The Telegraph
Since 1st March, 1999
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MTV culture, made for India
- Study shows how music channels scored with pop nationalism

Washington, Oct. 12: Indian parents worried about the influence of television’s pop culture on their children may find answers to some of their questions in a book just published by an India-born academic at the University of San Francisco.

Becoming a Global Audience: Longing and Belonging in Indian Music Television is the result of three years of research, for which Vamsee Juluri extensively interviewed nine groups of Indian teenagers to people in their early 30s, who watched music television.

The book’s most important message — and one which ought to make those who swear by swadeshi sit up — is the ease with which broadcast and cable conglomerates have used Indian culture and ethos to shake up, if not undermine, those very cultural values.

Talking to The Telegraph from his home in California, Juluri recalled how MTV had the Tricolour on its screen in 1997 to assert the channel’s Indianness.

“Parliament objected, but MTV and Channel V have been able to get away with a lot,” he said.

These channels, he said, realised early on when they entered Indian living rooms in the early 1990s that the rebellious, anti-parent youth which succeeded in the West will not work in India.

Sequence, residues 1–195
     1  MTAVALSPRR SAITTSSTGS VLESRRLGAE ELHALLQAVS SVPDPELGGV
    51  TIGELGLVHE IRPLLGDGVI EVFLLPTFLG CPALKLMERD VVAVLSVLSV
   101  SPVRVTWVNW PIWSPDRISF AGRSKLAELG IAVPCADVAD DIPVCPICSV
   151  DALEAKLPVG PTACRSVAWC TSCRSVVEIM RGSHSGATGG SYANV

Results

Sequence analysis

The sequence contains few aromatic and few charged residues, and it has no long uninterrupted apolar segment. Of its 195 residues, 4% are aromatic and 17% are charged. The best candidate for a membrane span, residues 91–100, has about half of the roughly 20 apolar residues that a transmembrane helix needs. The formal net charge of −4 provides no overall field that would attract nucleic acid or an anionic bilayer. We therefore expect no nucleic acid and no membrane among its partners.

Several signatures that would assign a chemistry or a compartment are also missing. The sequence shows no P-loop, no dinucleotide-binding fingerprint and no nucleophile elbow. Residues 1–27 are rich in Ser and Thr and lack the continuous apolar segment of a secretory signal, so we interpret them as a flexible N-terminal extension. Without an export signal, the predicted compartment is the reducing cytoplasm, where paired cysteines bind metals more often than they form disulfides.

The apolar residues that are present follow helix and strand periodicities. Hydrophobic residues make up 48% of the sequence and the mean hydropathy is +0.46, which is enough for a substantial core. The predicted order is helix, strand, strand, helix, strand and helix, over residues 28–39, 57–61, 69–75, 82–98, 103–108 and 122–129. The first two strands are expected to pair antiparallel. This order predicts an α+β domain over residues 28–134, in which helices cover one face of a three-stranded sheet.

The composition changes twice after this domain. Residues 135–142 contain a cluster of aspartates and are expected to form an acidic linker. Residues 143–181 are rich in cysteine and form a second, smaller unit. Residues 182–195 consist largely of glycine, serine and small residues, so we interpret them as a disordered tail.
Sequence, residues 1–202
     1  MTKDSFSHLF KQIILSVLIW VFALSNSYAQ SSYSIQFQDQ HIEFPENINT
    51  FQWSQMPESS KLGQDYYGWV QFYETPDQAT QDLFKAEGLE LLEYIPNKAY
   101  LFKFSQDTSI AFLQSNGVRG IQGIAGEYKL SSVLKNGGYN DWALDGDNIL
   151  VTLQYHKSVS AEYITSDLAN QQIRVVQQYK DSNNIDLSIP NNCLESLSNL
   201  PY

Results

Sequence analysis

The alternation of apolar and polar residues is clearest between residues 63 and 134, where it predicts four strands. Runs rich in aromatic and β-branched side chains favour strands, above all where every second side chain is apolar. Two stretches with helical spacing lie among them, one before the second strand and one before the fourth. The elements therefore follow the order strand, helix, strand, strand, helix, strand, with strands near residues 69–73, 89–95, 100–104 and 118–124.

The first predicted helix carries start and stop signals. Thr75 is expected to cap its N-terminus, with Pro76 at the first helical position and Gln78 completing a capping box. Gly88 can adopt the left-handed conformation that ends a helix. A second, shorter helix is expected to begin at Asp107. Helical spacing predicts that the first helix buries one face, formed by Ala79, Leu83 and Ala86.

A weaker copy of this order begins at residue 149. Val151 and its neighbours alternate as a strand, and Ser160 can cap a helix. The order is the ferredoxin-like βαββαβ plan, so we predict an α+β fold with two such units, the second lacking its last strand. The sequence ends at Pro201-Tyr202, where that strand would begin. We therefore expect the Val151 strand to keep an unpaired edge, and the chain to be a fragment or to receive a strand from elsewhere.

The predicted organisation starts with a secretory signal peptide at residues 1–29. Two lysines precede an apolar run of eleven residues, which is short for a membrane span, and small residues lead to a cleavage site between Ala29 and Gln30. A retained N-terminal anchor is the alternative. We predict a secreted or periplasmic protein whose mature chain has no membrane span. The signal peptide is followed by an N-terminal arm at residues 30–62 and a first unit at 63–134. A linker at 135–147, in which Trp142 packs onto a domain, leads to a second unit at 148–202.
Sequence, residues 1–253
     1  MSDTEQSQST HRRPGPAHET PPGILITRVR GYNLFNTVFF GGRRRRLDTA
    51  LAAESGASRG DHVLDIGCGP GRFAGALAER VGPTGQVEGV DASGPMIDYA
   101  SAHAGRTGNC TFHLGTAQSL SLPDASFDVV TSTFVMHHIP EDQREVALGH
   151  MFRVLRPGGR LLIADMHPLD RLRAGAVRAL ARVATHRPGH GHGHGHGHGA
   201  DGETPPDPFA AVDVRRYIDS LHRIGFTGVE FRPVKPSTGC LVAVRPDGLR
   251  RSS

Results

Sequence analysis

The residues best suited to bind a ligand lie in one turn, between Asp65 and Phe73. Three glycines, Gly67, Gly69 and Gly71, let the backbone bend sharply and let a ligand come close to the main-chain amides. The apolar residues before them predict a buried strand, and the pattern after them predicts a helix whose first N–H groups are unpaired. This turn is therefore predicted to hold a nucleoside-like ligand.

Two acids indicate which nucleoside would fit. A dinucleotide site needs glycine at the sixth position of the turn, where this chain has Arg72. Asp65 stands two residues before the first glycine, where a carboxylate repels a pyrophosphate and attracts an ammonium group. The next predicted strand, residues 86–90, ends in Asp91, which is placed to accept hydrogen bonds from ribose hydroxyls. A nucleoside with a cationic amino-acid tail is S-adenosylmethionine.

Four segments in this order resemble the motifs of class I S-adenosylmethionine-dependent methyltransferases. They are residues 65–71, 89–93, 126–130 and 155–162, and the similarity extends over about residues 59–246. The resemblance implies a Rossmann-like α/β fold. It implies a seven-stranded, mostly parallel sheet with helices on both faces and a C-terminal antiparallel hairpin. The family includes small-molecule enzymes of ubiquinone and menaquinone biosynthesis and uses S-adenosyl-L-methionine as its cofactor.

“Two thirds of American teenagers have their own TV sets, but in India one TV set per family is the norm. So there was no way Indian teenage viewers could be isolated from the rest of the family unlike in the West,” he pointed out.

Channels like MTV, therefore, had to camouflage what was actually a youth channel as a family channel.

“Dating shows and the like are very much there on Indian pop TV,” Juluri pointed out, “but these are cleverly packaged in pop nationalism.”

Juluri, a native of Hyderabad and a graduate from the Indian Institute of Mass Communications in New Delhi, cited the example and impact of the popular musical number Made in India which was a hit on television.

“It is so shallow, but I was amazed to find people I interviewed speak of that number with pride as if it mirrored India’s achievements.”

Juluri said Indian music television succeeded in giving a local and national veneer to what is not an authentic representation of India by “self-stereo-typing”, by cleverly co-opting the aspirations of its viewers.

In the early years, it was criticised and scrutinised for its western influence. But through Indian programming, Juluri said, this medium became the harbinger of a youth culture in India, ushering in a high degree of cultural change and innovation.

These channels are using “images from Indian mythology, but a historic culture is being reduced to slogans and sold commercially”.

The author, who received his Ph.D. from the University of Massachusetts on the subject of music countdown shows in India, said part of the reason why MTV and Channel V succeeded so spectacularly was because they brought “nice social sentiments” in an environment in which intolerance exemplified by the Vande mataram controversy or attacks on painter M.F. Husain was common.

Juluri, who now teaches in the Department of Media Studies at the University of San Francisco, is currently negotiating the publication of his book in India.

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